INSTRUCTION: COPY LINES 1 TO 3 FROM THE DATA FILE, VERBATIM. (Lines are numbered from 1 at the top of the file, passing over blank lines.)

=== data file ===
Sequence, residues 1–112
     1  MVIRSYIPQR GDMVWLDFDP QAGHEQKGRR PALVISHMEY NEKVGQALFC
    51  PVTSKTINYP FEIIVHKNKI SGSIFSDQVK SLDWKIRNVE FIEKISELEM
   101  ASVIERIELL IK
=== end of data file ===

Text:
Sequence, residues 1–112
     1  MVIRSYIPQR GDMVWLDFDP QAGHEQKGRR PALVISHMEY NEKVGQALFC
    51  PVTSKTINYP FEIIVHKNKI SGSIFSDQVK SLDWKIRNVE FIEKISELEM